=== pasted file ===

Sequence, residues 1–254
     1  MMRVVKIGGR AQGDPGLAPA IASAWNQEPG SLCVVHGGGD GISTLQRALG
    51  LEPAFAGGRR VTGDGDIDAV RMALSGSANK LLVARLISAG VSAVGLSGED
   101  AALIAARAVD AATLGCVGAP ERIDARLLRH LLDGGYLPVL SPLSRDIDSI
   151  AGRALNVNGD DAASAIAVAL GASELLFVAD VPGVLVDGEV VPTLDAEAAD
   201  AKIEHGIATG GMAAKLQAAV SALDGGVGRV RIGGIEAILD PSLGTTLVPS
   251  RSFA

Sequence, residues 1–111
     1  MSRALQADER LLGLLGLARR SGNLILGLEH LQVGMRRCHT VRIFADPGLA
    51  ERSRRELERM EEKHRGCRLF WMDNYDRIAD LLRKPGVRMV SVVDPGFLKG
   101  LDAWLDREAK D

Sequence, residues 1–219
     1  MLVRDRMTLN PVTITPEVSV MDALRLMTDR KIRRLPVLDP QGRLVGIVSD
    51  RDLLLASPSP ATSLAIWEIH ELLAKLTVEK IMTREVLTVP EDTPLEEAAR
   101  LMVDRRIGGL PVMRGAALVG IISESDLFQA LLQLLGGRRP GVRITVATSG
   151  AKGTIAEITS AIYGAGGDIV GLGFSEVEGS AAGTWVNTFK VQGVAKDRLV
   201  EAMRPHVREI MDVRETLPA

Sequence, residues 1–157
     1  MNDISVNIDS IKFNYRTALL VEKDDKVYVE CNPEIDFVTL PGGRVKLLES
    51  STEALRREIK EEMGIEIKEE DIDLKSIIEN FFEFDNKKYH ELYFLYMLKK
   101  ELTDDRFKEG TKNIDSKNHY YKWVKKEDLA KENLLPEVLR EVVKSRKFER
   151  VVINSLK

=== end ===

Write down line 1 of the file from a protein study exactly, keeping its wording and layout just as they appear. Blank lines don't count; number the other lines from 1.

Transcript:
Sequence, residues 1–254